Is the #MeToo Movement Really Making Change Happen?


Illustration by Giana Sozzi | Photos and Graphics Editor

In this photo illustration #MeToo movement can be seen printed on a hand.

Movements have created no change in accordance with the culture going on today. We are so passionate about so many things, but what is unfortunate is that it is not enough. We have wants and needs that we consider fundamental to continue to live and survive in the United States, but ultimately, it’s the government that can create change, and the prospects are not looking good.

The #MeToo movement was created to have a safe space for people to confess that they have been a victim of sexual assault and or sexual harrassment. Culturally, this has prompted social media users to show support as an ally to these victims. When #MeToo is mentioned, the first person many people think of is Harvey Weinstein, founder of The Weinstein Company, an independent film studio. As of Feb. 24, 2020, Weinstein has been convicted of “criminal sexual assault in the first degree and rape in the third degree,” according to the New York Times.

This had been an ongoing case for the past two years, and its closure may be seen as a win for the #MeToo movement. However, this is only in regards to Hollywood. I am in no way undermining struggles of the women who were assaulted by Weinstein — However, they have the press coverage to ignite the discussion. But what about the people around us? Where is the justice for them?

“Now an online survey launched in January by a nonprofit called Stop Street Harassment offers some of that missing evidence,” wrote Rhitu Chatterjee for NPR. “It found that 81 percent of women and 43 percent of men had experienced some form of sexual harassment during their lifetime.”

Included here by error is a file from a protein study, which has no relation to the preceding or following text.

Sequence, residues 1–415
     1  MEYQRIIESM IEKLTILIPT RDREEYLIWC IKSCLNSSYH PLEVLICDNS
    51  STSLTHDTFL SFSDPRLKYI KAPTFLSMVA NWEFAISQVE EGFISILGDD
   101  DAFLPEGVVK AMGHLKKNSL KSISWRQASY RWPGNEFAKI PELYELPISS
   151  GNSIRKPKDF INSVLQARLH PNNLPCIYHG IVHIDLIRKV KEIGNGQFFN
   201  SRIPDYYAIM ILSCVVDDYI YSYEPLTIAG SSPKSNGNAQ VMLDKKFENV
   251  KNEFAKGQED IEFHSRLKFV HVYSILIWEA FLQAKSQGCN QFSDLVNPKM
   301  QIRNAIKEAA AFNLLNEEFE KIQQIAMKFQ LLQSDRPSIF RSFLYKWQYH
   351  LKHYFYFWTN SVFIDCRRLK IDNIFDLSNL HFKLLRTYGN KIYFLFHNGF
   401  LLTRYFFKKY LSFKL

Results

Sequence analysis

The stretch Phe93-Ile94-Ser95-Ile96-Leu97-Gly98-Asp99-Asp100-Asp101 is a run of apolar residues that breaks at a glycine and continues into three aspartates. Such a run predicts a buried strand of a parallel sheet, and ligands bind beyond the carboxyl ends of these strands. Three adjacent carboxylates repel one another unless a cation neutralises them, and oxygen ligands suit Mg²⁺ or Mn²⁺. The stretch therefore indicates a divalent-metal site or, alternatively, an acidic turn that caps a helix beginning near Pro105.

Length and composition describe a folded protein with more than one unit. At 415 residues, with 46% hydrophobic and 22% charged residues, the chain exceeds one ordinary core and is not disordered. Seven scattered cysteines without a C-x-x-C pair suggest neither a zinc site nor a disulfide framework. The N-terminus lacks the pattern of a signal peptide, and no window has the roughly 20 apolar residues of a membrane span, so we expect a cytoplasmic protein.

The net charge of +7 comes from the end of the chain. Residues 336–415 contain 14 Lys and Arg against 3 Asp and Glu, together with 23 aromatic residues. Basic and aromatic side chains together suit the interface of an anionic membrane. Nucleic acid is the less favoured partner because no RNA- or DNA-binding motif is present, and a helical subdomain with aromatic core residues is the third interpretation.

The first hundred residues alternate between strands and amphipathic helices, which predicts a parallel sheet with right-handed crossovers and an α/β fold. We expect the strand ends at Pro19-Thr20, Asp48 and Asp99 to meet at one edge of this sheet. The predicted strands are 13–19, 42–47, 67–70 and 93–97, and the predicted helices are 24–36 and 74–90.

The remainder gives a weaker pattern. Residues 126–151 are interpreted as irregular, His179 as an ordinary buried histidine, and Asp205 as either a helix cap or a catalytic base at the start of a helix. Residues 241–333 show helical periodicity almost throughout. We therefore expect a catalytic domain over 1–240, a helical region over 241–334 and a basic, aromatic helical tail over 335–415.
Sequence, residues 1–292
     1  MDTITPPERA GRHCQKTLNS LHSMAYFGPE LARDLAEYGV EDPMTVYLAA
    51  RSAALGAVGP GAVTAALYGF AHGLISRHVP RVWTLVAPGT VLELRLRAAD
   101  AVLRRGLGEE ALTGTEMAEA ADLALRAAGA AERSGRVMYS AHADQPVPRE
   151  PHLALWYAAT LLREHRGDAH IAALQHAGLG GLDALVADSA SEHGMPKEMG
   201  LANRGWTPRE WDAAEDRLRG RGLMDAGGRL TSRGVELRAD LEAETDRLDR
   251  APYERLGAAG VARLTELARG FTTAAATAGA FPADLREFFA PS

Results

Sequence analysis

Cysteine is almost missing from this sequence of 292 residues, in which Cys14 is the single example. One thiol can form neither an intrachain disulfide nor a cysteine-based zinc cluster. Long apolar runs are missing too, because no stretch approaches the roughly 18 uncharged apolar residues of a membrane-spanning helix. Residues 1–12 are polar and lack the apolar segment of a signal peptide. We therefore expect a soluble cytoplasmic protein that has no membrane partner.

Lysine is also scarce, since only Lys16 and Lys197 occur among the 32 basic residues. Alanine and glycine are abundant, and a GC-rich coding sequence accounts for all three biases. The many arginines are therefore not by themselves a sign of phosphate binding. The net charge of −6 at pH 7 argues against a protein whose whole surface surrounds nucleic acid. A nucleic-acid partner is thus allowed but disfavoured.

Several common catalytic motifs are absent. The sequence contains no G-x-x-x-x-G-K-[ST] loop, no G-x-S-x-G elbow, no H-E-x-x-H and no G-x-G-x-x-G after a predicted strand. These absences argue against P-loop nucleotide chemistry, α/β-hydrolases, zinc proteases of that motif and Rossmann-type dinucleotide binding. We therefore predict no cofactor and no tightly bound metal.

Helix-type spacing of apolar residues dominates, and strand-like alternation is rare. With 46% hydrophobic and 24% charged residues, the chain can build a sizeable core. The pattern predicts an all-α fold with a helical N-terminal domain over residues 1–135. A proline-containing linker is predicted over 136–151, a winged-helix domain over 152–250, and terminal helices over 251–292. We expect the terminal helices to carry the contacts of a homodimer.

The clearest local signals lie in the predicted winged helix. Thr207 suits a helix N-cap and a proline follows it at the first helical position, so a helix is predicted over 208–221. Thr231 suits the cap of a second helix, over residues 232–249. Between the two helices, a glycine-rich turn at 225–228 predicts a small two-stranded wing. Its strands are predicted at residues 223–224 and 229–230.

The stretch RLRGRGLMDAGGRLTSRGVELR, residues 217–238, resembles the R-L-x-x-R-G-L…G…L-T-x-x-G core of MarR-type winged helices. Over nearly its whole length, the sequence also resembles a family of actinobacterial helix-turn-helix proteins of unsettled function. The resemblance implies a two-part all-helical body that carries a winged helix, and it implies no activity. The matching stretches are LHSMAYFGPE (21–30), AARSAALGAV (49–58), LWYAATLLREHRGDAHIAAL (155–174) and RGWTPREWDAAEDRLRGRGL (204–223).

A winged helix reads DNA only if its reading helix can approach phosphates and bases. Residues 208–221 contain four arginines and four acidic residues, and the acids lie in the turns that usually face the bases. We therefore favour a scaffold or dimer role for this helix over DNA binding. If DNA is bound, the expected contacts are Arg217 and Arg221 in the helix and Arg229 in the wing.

If we take a look at the proportions of men and women who report their assaults, it is astounding. In a graphic created by the National Sexual Violence reseach center, it is stated that “43.3% heterosexual women reported sexual violence other than rape during their lifetimes… 20.8% heterosexual men reported sexual violence other than rape during their lifetimes”.

There has been some improvements in the way some jobs show that there is support for men and women who report sexual misconduct to their employers. There have been open-door policies that were implemented to show that employees and employers are an asset to one another. Unfortunately, this does not reach everyone. Culture has proven that it is hard to confront those in charge, especially if they are men. In the workplace, men and women are scared to bring retaliation to the person in charge. This is why it took years to put Weinstein in the hot seat. This is a result of internalized fear of losing jobs and reputation.

On a social level, many simply do not believe the men and women who report it. There have been multiple occasions in a row on which I have logged into Twitter, seen a post about a woman calling out her partner and showing her bruises and cuts, and then seen someone asking the questions “Why didn’t you report it?” or “Why didn’t you leave him?”

We have reached a point in the age of technology at which the content we release on the internet can easily make or break a person. These tweets spread across the internet and help these women get the satisfaction they need. Something that people consider very little is the fact that destroying someone’s presence online can easily destroy their reputation in the context of day-to-day life.